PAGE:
Hands-on Gear Review
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Street Price: $260 | Compare prices at 1 resellers
Pros: Very spacious, gigantic vestibules.
Cons: Very weak, heavy, complicated.
Best Uses: Car camping in well protected forested areas or indoors.
Although North Face Minibus 23 is made with good quality poles and fabrics its deign is ludicrously unstable and weak. It's not suitable for serious three-season storms. But the tent is incredibly spacious and comfortable. It's best for mostly car camping and occasional backpacking.
Check out our Backpacking Tent Review to see how the Minibus compares to the dozen of other tents we've tested. Specifically, we urge you to consider the REI Half Dome 2.
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OutdoorGearLab Editors' Hands-on Review
The North Face Minibus 23 is the largest and most spacious tent tested in this category. While some may consider this a backpacking tent its design and construction are closer to that of a family car camping tent. It’s winderfully gigantic for two people. The Minibus uses four high quality poles: two run parallel the length of the tent while two shorter poles lie perpendicular on top of the longer ones. From above, the pole structure looks like a tic-tac-toe box. It gives the tent vertical walls and a tall, slightly bowed roof. Inside, you can sleep three cozy people or sit up to five comfortably. Six pockets make stashing belongings a breeze, and a large polyurethane window makes checking the weather effortless. The vestibules, one for each door, are enormous. A small person could sleep in each one. Critically, the tent is 92" long and gives people over six feet tall plenty of space to lay down. The Minibus 23 is the most livable tent tested in this category.
The Minibus 23 is designed for those who primarily car camp and occasionally go on multi-day backpacking trips. The tent’s package is reasonably sized but heavy (6.75lbs). it weighs two and a half times as much as the lightest two door tent tested here, and weighs nearly four times as much as the lightest tent tested here.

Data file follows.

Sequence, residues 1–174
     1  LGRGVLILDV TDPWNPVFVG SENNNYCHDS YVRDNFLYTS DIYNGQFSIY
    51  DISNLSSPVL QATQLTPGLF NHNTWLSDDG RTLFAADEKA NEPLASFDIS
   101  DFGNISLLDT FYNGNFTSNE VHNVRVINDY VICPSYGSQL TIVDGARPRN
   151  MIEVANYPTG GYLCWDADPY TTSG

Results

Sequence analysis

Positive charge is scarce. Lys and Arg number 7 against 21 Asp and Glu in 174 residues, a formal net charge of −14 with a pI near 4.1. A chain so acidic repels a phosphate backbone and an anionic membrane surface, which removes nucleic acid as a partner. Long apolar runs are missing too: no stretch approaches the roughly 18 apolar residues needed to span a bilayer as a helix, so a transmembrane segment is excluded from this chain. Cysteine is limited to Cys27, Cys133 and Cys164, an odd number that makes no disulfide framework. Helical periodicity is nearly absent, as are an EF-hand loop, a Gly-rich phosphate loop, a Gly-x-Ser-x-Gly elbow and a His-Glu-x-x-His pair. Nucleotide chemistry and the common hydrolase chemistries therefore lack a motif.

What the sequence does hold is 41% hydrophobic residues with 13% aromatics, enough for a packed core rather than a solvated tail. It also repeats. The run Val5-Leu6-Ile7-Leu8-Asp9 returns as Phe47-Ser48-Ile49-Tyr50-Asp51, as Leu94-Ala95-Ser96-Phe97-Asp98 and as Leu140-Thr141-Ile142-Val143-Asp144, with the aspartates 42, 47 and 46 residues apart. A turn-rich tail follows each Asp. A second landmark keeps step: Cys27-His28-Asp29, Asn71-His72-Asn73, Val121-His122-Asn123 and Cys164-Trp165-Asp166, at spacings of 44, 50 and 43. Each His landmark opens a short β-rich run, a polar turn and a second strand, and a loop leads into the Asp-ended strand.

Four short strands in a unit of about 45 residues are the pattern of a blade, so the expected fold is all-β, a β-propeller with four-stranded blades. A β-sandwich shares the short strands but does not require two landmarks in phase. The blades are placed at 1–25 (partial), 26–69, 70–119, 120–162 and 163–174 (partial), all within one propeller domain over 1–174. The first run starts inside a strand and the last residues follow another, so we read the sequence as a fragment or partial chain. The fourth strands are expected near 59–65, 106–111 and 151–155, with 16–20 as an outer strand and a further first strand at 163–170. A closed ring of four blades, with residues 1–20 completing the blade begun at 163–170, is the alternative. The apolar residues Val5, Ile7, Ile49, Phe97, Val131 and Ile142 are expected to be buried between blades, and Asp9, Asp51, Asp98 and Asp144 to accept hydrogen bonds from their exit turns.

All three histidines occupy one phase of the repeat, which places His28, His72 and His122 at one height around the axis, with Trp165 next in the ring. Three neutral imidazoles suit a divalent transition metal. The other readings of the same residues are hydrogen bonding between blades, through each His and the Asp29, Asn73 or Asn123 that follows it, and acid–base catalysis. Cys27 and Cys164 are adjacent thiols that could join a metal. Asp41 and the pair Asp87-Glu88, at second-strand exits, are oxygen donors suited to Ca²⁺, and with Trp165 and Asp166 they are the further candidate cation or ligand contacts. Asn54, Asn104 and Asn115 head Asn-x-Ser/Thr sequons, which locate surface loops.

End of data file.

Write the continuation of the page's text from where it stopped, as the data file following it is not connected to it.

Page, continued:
By chopping the end off two poles North Face added interior space while minimizing additional weight gain. The tent is unstable in high winds because the cross poles don’t touch the ground and are attached by two plastic clips; the poles snap in AND out easily. Unlike most clips, there’s no carabiner-like closure to prevent the pole from coming out. And this is exactly what happens in a moderate gust. Even with the rainfly on, the cross poles pop out and dangle like a broken bones. For this reason, the we don't believe the tent is not worthy of being pitched in anything except a well-protected forest. DAC, the firm that makes the tent's pole and pole-related accessories, offers a the same pole connectors with a closure mechanism that holds the cross pole tight. This is used, among other tents, on the Brooks Range Invasion. See the photos below for the poles on both tents.
Car camping in protected areas and occasional short duration backpacking trips.
A very poor tent for $360. We plot tent scores and prices in a Price versus Value Chart that illustrates how much bang each tent delivers per dollar.
Other versions and accessories
You can buy a $42 footprint. Or use make your own out of painter's drop cloth, Tyvek, or Polycro. We recommend a footprint for car camping. Add one to the insie of your tent if you camp with dogs inside your tent.
— Max Neale
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OutdoorGearLab Member Reviews
Most recent review: December 26, 2012
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